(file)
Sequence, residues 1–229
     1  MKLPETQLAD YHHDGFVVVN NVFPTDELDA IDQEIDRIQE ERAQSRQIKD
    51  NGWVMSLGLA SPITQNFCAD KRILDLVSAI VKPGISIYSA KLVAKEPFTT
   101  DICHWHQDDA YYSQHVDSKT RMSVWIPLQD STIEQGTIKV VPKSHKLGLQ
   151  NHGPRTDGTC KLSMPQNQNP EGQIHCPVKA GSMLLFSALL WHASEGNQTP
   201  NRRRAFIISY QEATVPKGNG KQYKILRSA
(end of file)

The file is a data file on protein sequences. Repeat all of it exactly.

Sequence, residues 1–229
     1  MKLPETQLAD YHHDGFVVVN NVFPTDELDA IDQEIDRIQE ERAQSRQIKD
    51  NGWVMSLGLA SPITQNFCAD KRILDLVSAI VKPGISIYSA KLVAKEPFTT
   101  DICHWHQDDA YYSQHVDSKT RMSVWIPLQD STIEQGTIKV VPKSHKLGLQ
   151  NHGPRTDGTC KLSMPQNQNP EGQIHCPVKA GSMLLFSALL WHASEGNQTP
   201  NRRRAFIISY QEATVPKGNG KQYKILRSA